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Your correspondent in last week's issue was very humorous. I had a good laugh over my " sleep on Thistle Down " — I should say a somewhat restless sleep. I need Hardly say you are quite at liberty to insert anything in your paper reflecting upon my. rambles. With yourself, I am only glad — may I say. flattered I—to1 — to see people taking some notice of my offhand scribbles. I merely state what I see and hear ; and if I should see with a jaundiced eye, and represent things in tainted colors, or hear reports which, if publuhjd, might be a little unpleasant to yrtfomepeople^why, you must use your r judgment, and suppress what is necessary. Now, sir, to reply to " A Poor Cockatoo." As to the cost of the bridge, I know nothing about it, and only through your columns gave a little wider circulation to a report, which I thought by being mooted in a public manner, might possibly bring the truth to light. Your correspondent merely makes an assertion, that the cost of the bridge* did not amount to anything like £50 ; but he does not bring forward any evidence to support him in his assertion. The most curious part of his letter, however, is that where he accuses me of making <> f»l»e statements, whereas I made no

statements whatever ; but simply expressed, as a report what I heard as a report. So, where the false statement can be, it would require one like « A Poor Cockatoo," well up in "wit and wrangler's logic," to discover. I would remark, that reports have sometimes, though not always, some gram* « Jf "™ .nixed up with them ; and I think there •s more truth than alloy in the report in further thinks that I forget that the gravel heaps have made the landlords' paddocks. Far be it from me to overlook the significance of the gravel heaps. I see in them the mainspring of our colonisation. In the upcountry districts^ where the foot of man might not have, trod for centuries to come, mayhap nWer, we. have the rich land bringing forth its increase, in the shape of fruitful Tfields, supplying the wanta, of man and beast. Instead of indulging in a melancholy fit, as your correspondent appears to think,, 1 rejoiced that these verj, gravel heaps had accomplished what rotst have been the design of a wise ProvidWe, namely, the cultivation of the land ; and on that account I am a very strong advocate of the agricultural lease system, believing it to be the wisest system the Government have yet devised for opening up and finally settling the country, and making the land teemwith a large and prosperous population, every one sitting under his own vine and fig tree, none daring to make him ataid. I have~ been obliged, in justice to'myself, to ramble from my ramble, in ieplying to ' A poor Cocka- ! too." I amsorry, for his own sake and i mine too, tbt he did not give you his name, so thit I might have availed myself of the peasure of accepting his invitation to seethe " mare's nest.' The otheiday, I took a stroll round by Wetheriones ; and in passing the place, I g*e your correspondent Old Peter Pipen call by the way, and handed him you- letter of introduction. He received me as a friend whom he had known for yers, and treated me with the greatest hosjtality. He is one of those jolly, open-barted old gentlemen that weoftenreaiof in novels and history, but seldom met with in private life. He is a great had for spinning yarns ; and as jon listen to him patiently, not necessarily conenting to all his says, he will amuse ytt on many subjects. Like most old gerilemen, he is a little crotchety,—has afew pet ideas and schemes. The proposedschool at Wetherstones is now uppeimot in his thoughts ; in fact, he told me hehad sent a letter on that subject for fou to publish this week. He thinks Wfeherstones school should be ■a district schol. This, I think, mnst be one of his cro'tiiets. I don't think there is another marin Wetherstones dissatisfied with thelecision of the Education Board. Frontal I can learn, they were rather satisfie&hat the Board had granted their applittion almost as soon as it was made. 6d Peter is very wild at the Major for ibporting to the Government that thehue cement was rushed, as that was the ply reason the Government gave for withholding a subsidy of £150, which- would proved a great boon to the locality, h opening up the cement much sooner tan it is likely to be opened. What the Majr described as a nush, old Peter told meVas simply a little bit of a squabble betw<&n two or three miners, as to which had tb prior claim to a certain part of the gaund ; and because the Major had bees repeatei'ly assailed by these miners, h» had clothed his representation to the xovernment of this petty affair in languagtbearing all the importance of a rush, T,Mch has resulted"in the Government's dejsion above referred to.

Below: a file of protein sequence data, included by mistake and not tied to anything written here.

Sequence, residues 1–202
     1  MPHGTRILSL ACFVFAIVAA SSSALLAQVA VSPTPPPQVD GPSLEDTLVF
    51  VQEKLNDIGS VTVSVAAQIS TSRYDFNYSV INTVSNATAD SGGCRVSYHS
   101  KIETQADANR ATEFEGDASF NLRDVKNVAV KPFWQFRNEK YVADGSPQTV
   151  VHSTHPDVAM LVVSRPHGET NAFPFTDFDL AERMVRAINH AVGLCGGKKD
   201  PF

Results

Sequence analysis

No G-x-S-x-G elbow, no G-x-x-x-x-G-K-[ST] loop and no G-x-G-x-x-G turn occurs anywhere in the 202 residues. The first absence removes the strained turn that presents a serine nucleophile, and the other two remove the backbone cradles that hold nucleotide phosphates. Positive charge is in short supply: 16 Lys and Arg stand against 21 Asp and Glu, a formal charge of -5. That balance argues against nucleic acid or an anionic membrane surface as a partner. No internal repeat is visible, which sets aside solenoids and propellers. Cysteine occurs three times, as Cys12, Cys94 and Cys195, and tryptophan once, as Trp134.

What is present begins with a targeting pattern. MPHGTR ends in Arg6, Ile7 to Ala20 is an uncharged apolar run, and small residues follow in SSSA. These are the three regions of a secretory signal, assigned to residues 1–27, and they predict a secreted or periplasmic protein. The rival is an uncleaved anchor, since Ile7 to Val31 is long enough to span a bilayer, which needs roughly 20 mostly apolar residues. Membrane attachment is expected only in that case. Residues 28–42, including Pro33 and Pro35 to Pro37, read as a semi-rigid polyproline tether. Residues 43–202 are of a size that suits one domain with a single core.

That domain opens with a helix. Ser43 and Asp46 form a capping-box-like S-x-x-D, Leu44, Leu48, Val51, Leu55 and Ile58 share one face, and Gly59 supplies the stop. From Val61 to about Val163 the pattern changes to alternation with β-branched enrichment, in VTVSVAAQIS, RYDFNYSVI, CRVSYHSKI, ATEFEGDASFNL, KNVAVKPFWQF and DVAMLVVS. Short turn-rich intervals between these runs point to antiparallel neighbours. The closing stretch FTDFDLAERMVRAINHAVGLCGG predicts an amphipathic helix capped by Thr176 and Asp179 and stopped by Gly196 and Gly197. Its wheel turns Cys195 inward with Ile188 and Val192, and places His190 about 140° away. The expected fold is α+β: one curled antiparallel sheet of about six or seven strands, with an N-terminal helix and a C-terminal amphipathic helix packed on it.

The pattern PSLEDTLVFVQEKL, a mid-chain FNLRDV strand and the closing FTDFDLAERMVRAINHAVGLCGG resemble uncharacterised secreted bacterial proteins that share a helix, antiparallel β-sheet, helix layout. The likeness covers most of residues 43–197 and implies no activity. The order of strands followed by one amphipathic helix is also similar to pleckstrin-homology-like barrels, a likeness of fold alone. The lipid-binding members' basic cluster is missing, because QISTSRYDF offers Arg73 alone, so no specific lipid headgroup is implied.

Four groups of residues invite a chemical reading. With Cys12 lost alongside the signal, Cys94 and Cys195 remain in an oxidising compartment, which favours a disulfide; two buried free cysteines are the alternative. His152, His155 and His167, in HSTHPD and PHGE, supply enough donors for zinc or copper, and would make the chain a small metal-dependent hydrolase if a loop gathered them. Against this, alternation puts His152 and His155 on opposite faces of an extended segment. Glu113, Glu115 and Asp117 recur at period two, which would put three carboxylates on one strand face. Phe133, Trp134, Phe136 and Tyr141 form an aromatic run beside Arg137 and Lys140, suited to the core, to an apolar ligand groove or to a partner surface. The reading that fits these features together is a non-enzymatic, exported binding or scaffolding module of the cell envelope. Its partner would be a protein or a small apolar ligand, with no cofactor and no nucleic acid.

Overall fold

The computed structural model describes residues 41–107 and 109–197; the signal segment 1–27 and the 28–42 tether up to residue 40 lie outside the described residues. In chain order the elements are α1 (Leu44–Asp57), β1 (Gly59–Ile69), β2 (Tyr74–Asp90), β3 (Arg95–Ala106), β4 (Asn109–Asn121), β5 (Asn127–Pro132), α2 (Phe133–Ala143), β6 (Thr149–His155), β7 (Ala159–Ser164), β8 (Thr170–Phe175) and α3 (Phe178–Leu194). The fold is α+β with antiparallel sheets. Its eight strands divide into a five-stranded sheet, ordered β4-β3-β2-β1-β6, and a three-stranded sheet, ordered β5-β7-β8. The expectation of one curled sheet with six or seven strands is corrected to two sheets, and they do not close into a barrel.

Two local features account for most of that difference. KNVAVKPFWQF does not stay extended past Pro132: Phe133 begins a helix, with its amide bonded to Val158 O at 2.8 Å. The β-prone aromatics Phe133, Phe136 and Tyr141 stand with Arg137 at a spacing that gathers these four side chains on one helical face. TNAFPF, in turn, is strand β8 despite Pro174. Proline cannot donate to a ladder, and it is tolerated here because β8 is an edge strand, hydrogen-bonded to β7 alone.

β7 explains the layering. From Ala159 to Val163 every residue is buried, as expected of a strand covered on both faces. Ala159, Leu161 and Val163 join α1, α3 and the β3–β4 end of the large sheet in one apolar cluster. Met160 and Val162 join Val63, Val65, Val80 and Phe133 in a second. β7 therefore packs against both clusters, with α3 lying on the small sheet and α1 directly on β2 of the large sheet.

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OUR RAMBLING REPORTER., Tuapeka Times, Volume I, Issue 7, 28 March 1868

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OUR RAMBLING REPORTER. Tuapeka Times, Volume I, Issue 7, 28 March 1868

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